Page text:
Gavin v. Tousignant (In re Ultimate Escapes Holdings LLC, et al)

Case Type:
Case Status:
16-1679 (3rd Circuit, Mar 17,2017) Not Published
Third Circuit affirmed district court's adoption of bankruptcy court's recommendation to enter judgment in favor of two inside directors where trustee failed to prove they breached their fiduciary duty. A fiduciary's actions are measured at time he acted, not in hindsight. Trustee failed to rebut presumption that business judgment rule applied, rather than entire fairness standard. Trustee failed to show directors were materially self-interested, grossly negligent or wasteful, so business judgment standard applied.
Procedural context:
Appeal from the U.S. District Court for the District of Delaware
Ultimate Escapes (UE) was a membership club offering high-end vacation homes to its 1,250 members. The membership database was valued at $14.5 million on UE's public filings, and it was pledged to its lender as collateral for a revolving loan. The loan was also personally guaranteed by two of UE's inside directors, Mssrs. Tousignant and Keith. When UE ran into financial trouble, UE began merger discussions with its main competitor, Club Holdings. Keith and Tousignant each made cash advances so the company could pay its debts. As financial troubles continued, UE asked Club Holdings for funding. Club Holdings agreed to purchase one of UE's properties, but the closing left UE with a $115,000 shortfall. Club Holdings agreed to pay $115,000 to UE in exchange for UE's best efforts to transfer three properties and 30 members to Club Holdings. In the membership-transfer paragraph, the Agreement lifted confidentiality restrictions inconsistent with the membership transfers. One month later, UE doubted whether the merger with Club Holdings would happen, so it hired a bidding agent to solicit bids for its assets. The bidding agent accidently sent Club Holdings an email discussing potential bidders. Upon learning that UE was not committed to the merger, Club Holdings began soliciting all of UE's members. When challenged, Club Holdings relied on the solicitation waiver under the Agreement. UE filed bankruptcy, rejected the Agreement, and sought a TRO to enjoin Club Holdings from soliciting its members. Although rejection of the Agreement was approved, a TRO was denied because the court found the Agreement likely permitted solicitation. The Trustee sued the inside directors for breach of fiduciary duty in executing the Agreement. After a three-day trial, the bankruptcy court recommended that the district court enter judgment for the defendants. On appeal, the Trustee argued that the court applied an improper legal standard for review of the directors' actions. The bankruptcy court applied a business judgment standard (which upholds an action if there is a rational basis for it). The Trustee argued the entire fairness standard (which requires an act to be fair dealing and a fair price) should apply due to (I) the directors' material interest (keeping UE afloat would improve chance of being repaid cash advances, relieved of personal guaranties, employed by acquiring company, and avoiding civil and criminal liability for missing payroll); (ii) their gross negligence due to poorly drafted Agreement; and (iii) the doctrine of waste. The Third Circuit affirmed the lower courts' findings rejecting each of the Trustee's arguments.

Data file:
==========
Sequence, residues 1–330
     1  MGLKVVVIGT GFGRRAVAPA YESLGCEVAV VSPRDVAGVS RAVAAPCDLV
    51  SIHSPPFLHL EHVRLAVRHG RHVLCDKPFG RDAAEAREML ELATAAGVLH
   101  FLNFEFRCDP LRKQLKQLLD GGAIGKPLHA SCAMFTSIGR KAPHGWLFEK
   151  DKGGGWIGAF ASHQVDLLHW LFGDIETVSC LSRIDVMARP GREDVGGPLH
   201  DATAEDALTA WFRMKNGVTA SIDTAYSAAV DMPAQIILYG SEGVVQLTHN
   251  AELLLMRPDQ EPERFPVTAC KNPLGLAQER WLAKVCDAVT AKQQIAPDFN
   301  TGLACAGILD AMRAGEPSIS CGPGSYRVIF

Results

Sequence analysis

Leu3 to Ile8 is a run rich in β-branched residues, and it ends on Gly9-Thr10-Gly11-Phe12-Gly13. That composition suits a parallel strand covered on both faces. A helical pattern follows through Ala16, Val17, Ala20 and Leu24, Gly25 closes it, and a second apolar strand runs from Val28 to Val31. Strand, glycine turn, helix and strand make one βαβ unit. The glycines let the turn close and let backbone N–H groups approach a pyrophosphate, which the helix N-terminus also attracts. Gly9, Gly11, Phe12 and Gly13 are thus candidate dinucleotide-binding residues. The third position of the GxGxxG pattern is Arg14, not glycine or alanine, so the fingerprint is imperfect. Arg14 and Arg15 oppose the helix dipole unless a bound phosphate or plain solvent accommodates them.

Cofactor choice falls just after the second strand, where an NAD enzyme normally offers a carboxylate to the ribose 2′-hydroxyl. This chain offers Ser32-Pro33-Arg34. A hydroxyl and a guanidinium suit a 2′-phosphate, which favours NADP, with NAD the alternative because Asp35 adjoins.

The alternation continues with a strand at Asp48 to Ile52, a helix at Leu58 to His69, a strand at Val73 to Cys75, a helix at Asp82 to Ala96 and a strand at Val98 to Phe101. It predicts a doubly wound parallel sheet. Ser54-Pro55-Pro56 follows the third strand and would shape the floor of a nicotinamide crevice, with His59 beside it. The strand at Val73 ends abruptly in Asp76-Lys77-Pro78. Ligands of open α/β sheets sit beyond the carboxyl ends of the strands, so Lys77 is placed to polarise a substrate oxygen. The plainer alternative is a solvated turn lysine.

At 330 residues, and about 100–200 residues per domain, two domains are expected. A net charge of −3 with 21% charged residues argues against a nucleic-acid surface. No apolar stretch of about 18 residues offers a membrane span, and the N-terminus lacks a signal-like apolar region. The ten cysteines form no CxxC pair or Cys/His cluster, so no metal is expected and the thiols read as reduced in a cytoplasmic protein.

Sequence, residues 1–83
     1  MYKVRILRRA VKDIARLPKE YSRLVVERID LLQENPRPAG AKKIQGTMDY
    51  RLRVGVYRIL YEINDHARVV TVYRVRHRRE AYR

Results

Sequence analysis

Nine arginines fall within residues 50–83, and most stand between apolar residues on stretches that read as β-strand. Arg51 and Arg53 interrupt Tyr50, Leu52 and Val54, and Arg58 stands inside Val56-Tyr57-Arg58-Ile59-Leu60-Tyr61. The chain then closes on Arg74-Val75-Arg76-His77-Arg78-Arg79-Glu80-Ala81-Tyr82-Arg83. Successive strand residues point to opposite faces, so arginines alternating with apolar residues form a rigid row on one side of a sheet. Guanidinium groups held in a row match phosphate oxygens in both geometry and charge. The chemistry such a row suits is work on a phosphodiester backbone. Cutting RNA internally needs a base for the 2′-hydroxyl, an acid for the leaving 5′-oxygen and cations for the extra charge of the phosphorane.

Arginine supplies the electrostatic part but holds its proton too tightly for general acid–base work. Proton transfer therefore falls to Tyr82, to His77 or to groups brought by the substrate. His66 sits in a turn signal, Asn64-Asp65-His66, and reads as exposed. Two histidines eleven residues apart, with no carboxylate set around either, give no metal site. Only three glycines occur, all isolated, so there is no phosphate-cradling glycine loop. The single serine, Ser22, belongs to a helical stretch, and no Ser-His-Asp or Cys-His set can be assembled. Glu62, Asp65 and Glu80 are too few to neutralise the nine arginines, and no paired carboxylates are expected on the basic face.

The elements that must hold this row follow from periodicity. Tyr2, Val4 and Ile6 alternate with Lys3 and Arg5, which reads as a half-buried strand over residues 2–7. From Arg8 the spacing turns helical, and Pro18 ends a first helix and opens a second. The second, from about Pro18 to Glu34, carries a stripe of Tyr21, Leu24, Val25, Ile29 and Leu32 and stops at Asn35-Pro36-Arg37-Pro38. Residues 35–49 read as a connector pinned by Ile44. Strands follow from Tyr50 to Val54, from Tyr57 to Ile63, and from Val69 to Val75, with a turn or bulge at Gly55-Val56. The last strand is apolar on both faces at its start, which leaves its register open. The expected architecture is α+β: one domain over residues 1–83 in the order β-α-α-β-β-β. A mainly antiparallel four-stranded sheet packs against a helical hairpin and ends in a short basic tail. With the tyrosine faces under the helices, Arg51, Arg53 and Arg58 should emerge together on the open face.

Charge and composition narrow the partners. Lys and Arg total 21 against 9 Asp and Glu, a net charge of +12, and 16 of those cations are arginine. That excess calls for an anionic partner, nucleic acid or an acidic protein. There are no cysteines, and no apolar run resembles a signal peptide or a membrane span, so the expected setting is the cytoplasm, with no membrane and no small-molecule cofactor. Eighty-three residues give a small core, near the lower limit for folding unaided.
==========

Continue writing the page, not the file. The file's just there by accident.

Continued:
Ambro (author), Vanaskie and Scirica

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